A woman & # 39; seemed pregnant & # 39; before she had a huge mass the size of a watermelon removed from her ovary.
Layla Cummins, 30, said the ovarian cyst, weighing 10 pounds, gave her a big belly and left her exhausted.
The freelance writer from Bristol in 2018 began to feel bloated and uncomfortable around Christmas and was sent to an ultrasound in January.
Doctors found the cyst and expected it to be around 20 cm. But during a removal operation it turned out to be 40 cm long.
Mrs. Cummins had left a large scar on her stomach where surgeons had to cut her open and her ovary also had to be removed because it was damaged.
Layla Cummins looked pregnant before she had a huge cyst of the ovaries the size of a watermelon from her ovary. Pictured before her surgery
Doctors found the liquid cyst during an ultrasound and expected it to be around 20 cm. But during a removal operation it turned out to be 40 cm long (photo)
A large scar was left on Mrs. Cummins' stomach after doctors had to cut a large hole to get the mass out. Pictured after an operation in the hospital
An ovarian cyst is a fluid-filled bag that is usually harmless and disappears without treatment.
But rare events that make them big and have to be surgically removed.
Mrs. Cummins said: & # 39; I feel good now that it has been removed, I feel so much lighter.
& # 39; I weighed myself afterwards and I was 10 pounds less heavy. It was absolutely huge.
& # 39; I looked pregnant before it was removed. My doctors were really shocked because until then they thought it was half that size.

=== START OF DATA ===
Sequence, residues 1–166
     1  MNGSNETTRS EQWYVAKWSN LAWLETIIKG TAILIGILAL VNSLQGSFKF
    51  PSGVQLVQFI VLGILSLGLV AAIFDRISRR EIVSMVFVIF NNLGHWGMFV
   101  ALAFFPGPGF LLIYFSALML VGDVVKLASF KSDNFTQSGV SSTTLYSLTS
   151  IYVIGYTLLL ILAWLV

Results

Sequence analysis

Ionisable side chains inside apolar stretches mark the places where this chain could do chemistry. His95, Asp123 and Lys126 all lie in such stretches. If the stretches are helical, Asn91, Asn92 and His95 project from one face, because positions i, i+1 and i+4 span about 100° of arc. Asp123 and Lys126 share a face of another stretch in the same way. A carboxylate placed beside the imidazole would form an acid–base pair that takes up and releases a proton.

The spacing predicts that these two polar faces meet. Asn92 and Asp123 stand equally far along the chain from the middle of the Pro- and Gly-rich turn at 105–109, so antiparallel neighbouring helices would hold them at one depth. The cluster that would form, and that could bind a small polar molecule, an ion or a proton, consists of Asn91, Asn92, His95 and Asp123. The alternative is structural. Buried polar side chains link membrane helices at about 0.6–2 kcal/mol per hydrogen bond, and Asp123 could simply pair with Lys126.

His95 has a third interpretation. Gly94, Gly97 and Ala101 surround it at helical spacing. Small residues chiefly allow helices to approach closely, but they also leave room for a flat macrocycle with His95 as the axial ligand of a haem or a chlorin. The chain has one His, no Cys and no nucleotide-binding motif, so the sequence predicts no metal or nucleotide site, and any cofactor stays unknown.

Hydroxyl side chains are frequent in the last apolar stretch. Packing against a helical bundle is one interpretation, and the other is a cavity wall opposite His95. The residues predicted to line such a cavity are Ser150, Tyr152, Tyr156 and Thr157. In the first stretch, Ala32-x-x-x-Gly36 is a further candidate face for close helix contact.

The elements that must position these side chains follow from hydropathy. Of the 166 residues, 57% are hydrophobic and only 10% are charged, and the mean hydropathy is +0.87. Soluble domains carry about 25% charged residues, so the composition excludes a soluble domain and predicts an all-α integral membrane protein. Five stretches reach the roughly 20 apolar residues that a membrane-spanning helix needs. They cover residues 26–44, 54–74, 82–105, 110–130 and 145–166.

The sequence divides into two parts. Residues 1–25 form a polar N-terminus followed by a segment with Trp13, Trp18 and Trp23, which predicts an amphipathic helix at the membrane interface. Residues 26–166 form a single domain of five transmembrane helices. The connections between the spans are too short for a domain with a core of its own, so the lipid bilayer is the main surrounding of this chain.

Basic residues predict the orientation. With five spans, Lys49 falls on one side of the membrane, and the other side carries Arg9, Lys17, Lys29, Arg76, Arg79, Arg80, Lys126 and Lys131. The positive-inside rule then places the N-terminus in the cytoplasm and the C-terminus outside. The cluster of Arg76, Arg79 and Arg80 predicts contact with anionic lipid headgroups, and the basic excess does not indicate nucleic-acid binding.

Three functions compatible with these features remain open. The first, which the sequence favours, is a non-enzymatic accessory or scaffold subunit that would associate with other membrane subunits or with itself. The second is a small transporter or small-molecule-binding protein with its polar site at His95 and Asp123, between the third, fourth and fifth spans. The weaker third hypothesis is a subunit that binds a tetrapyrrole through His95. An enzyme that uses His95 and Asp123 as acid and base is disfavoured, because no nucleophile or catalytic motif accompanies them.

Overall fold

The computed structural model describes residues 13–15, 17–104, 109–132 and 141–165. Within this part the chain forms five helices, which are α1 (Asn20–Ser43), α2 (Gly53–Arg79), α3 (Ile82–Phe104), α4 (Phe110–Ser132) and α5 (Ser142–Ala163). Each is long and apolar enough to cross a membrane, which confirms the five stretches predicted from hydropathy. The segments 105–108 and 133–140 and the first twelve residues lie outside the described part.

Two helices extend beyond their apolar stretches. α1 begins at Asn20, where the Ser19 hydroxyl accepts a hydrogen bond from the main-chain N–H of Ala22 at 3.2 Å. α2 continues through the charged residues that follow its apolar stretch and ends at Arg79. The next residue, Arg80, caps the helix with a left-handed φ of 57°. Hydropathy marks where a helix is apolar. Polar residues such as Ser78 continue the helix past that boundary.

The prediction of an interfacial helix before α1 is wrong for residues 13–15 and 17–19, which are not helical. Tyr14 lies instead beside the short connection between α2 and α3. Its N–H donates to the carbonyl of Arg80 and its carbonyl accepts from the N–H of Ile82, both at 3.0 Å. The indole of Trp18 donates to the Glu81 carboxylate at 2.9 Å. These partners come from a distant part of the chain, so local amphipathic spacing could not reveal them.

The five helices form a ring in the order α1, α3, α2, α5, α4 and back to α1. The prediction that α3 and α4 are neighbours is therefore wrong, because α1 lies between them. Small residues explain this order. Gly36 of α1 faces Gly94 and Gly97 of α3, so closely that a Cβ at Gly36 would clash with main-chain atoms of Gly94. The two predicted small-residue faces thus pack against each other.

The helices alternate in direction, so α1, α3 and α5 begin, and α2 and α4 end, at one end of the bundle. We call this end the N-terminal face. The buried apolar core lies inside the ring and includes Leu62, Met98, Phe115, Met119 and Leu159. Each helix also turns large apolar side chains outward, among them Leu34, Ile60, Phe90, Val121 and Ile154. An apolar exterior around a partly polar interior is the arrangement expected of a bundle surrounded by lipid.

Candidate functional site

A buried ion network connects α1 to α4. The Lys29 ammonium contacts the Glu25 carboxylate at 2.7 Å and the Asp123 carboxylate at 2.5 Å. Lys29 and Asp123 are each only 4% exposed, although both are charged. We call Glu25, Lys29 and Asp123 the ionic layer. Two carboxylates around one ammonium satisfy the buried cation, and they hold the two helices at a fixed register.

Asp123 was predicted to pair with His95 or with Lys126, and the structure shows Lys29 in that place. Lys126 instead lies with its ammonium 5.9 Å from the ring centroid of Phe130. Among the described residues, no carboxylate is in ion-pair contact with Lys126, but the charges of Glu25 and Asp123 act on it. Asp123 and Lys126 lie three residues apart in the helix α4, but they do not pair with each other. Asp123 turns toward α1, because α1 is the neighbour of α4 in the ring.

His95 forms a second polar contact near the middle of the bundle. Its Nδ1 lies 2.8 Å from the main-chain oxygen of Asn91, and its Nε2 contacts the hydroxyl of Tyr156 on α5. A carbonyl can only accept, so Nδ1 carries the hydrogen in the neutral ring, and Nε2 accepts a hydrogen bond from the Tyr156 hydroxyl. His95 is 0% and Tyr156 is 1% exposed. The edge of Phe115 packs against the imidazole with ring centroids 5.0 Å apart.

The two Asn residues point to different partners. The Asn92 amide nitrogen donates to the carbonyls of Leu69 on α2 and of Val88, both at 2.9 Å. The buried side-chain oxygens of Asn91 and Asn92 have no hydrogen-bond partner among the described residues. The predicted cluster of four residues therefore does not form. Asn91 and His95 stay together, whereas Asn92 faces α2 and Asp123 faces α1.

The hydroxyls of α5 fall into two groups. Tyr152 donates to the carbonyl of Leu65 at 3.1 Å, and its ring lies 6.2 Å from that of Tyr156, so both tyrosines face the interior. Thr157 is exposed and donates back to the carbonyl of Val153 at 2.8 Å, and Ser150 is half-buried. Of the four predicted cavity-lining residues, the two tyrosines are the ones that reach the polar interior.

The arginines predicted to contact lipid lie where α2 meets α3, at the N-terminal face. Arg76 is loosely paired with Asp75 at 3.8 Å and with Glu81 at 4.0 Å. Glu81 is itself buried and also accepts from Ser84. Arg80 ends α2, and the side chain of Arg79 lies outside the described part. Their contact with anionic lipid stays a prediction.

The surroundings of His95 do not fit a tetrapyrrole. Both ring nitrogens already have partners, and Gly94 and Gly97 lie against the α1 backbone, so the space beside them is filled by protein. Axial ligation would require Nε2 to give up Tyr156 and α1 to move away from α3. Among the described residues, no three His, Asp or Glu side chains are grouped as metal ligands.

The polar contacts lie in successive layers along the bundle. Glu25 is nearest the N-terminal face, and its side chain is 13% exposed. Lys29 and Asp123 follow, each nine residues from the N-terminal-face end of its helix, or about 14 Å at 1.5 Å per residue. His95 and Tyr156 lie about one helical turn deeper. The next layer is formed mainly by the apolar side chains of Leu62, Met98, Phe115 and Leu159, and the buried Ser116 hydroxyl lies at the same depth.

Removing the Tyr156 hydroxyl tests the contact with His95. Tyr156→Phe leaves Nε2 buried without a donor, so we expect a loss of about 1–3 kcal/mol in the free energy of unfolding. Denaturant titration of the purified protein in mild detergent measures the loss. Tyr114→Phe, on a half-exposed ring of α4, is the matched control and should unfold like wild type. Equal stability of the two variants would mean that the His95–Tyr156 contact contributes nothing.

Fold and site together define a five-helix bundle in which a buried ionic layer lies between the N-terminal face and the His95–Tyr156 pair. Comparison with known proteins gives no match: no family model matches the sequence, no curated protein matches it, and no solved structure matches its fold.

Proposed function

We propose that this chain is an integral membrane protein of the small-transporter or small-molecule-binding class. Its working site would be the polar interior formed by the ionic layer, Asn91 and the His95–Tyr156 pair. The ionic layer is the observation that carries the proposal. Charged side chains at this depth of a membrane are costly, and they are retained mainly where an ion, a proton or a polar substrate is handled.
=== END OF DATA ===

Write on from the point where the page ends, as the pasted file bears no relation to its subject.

& # 39; I couldn't believe it when I saw how big it was, I was so shocked. I am very happy that I asked to take a photo. & # 39;
Mrs. Cummins, who has a partner, Jon Everett, 35, had symptoms just weeks before the mass was discovered.
She noticed that her stomach was swollen and soft during the Christmas period in 2018.
After her doctor felt a hard lump there, he referred her to testing in January.
An ultrasound scan at St Michael & # 39; s Hospital in Bristol revealed a massive growth on her ovary, but doctors weren't sure of the size.
Mrs. Cummins said: “It was really uncomfortable. I couldn't lie on my face at all.
& # 39; It felt like I had stuck a remote control in my side. & # 39;
Mrs. Cummins could not undergo surgery on March 27, during which time she felt uncomfortable but could still go to work.
She said: & I completely lost my appetite and just felt very heavy and tired. I had pains, but it was not painful at all.
& # 39; It was not ideal.
& # 39; My stomach looked huge and I couldn't wait to take it out. & # 39;
An ovarian cyst is a fluid-filled bag that is usually harmless and disappears without treatment. But like Mrs. Cummins' mass, they sometimes have to be removed with surgery. (Pictured, her stomach after surgery)
Mrs. Cummins, pictured with her partner Jon Everett, 35 years old, began to feel bloated and uncomfortable around Christmas in 2018 and was sent to an ultrasound scan in January
Mrs Cummins, pictured in the hospital, could not be operated on until 27 March. During the three months prior to surgery, she felt uncomfortable but could still go to work